New Noosa group brings scrabblers out of the woodwork

Member of the Noosa Scrabblers meet each Friday at the Library.

It’s no exaggeration to say that Noosa woman Megan Marks loves Scrabble.

The woman known as ‘Mad Scrabbler Meg’ loves it so much she’s started the Noosa Scrabblers, a Scrabble club of sorts but with no committee, no cost and no weekly commitment – just a place where people can meet each week and play the game they love, meet new people or even learn to play.

Scrabble players come each Friday from 10am to 12pm to the Noosa Library to meet and play, socialise and have fun.

Meg supplied the library with 10 boards but no need to worry if there are not enough, she has 15 more (op shop finds and boards collected over the years) in storage at home if they are needed.

“I started the club just before Christmas and we’ve slowly had new people come,” the woman who also runs Scrabble workshops at Woodford Folk Festival said.

“The one thing the library staff and I both noticed was the giggling that went on between the players.

“Scrabble is a great way for shy people, seniors or mad word buffs to come together and relax for an hour or two in good company.”

“It’s one of those retro games that so many people have an association with,’ she said. “Everyone has played at one stage or another, and there’s either the word fascination or the nostalgia it brings out.

“So, if you are a serious Scrabbler, or someone who likes a social game, Noosa Scrabblers is for you. All age levels and experience welcome.”

For Meg, who has plans to one day travel the world with a friend just playing scrabble, the game is a great way to meet people and indulge in her love of words and sense of fun. Before going on holidays, she often paints an old canvas with a scrabble board, puts 100 tiles in a bag and takes it with her.

“It’s way more portable to take places,” she said.

“Then, if I meet someone towards the end of the trip who really likes Scrabble, I give it to them.

“I played a guy in Malayasia who was from Singapore. He had tattoos over his head, on his face, everywhere, and had never played Scrabble before but he loved it.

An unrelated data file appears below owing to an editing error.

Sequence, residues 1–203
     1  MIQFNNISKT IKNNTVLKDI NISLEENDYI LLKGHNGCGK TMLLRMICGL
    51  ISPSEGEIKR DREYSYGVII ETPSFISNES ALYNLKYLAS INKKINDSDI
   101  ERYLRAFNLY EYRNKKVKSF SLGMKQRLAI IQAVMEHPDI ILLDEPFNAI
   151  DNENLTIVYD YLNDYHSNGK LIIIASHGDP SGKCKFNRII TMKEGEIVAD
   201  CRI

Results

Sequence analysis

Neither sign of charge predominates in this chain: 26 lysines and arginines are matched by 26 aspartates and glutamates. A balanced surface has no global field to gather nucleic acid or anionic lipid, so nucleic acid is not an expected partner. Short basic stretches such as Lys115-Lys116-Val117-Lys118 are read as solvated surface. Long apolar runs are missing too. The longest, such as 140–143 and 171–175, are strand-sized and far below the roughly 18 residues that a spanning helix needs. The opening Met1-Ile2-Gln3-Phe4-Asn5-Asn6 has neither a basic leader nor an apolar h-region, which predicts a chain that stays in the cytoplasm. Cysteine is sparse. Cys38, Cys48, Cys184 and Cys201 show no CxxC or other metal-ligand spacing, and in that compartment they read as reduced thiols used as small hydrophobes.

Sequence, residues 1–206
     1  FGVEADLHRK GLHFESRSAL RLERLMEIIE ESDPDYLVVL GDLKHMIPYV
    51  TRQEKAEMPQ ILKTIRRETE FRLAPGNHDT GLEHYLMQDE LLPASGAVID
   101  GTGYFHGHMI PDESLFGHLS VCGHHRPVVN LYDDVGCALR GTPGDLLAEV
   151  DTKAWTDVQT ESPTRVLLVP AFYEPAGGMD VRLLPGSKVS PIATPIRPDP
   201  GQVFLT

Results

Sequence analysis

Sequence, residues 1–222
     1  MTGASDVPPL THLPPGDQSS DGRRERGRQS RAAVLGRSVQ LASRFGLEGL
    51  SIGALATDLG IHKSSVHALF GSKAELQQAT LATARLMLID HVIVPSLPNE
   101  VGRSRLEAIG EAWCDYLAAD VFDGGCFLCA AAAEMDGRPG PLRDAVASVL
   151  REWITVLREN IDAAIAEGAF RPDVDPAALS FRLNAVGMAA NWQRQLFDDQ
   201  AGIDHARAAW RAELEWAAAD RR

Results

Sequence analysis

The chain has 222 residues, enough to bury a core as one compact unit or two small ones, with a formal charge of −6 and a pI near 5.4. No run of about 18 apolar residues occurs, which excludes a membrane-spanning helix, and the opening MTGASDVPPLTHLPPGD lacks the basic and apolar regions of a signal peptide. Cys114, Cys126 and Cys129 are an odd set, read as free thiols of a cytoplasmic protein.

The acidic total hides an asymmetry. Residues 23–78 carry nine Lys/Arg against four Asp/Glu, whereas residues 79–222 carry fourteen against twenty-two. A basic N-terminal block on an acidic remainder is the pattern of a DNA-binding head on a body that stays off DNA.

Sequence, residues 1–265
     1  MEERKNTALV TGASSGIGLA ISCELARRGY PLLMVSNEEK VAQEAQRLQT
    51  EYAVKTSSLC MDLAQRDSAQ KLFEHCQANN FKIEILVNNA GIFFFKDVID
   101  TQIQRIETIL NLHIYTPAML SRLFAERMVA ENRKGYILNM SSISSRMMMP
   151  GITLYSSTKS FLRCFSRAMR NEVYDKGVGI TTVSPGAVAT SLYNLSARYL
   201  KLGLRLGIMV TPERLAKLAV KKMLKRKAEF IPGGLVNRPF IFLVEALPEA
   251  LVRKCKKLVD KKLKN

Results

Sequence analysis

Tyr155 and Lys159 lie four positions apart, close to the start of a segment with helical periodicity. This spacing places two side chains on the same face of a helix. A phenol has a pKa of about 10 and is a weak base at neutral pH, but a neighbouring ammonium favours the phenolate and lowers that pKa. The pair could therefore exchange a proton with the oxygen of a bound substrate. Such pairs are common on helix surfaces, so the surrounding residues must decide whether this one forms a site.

“Every day, he wanted me to play Scrabble with him out in the communal area, so I ended up giving him my little travel scrabble kit because I’m sure he’s playing it still. He was very sweet -terrifying when you first saw him, but then he became a big scrabbler.”

It’s not always easy to find a fellow scrabbler though, especially when there is a language barrier and Meg admits she became frustrated while travelling around Europe two years ago.

“I was dying for a game,” Meg, who says her nickname comes from being “a bit mad and a bit scrabbly” explained.

“Finally, I came across a game in Greece on a little-known beach. These people were playing but it was with Greek letters so I couldn’t play.

“But I’ve played in all sorts of places. I’ve played topless with my friend on the beach, we’ve played nude in her backyard next to the pool. We’ve played at the pub, we’ve played everywhere on holidays.

“When her kids grow up, we plan to travel and just play Scrabble around the world.

“In Malaysia we played using four languages on the same board. It doesn’t matter what language you play in, you’ve just got to trust each other.”

Surprisingly it wasn’t a game she played much as a child, instead finding her love for Scrabble through games with friends a few years back.

“It turns out I’m just a word freak,” she laughed.

So, does she have any particularly memorable moments playing the game?

“Recently the last seven letters I had was one I and six es, I really wanted to win that game and it was neck and neck and I was stuck with these six es,” she laughed.

“I can’t think of my most memorable word. My friend, her first word recently, where she used up seven letters, was clitoris. That was pretty memorable. Set the tone of the game,” she added giggling.

“See scrabble is not boring at all.

“You can have seriousness and fun at the same time.

“The library staff were shocked, the first couple of weeks, they just heard us giggling.

“It’s a bunch of older ladies at this stage, and some younger people. But the older ladies have been so thrilled, generally scrabblers can be a bit shy.

“Noosa is full of sports clubs but for the shy ones there’s not much out there. So, these ladies have come together and they just giggle. I realise it is more of community service more than just scrabble.”

The Noosa Scrabblers meet each Friday in the Library no cost and no obligation and all are welcome.

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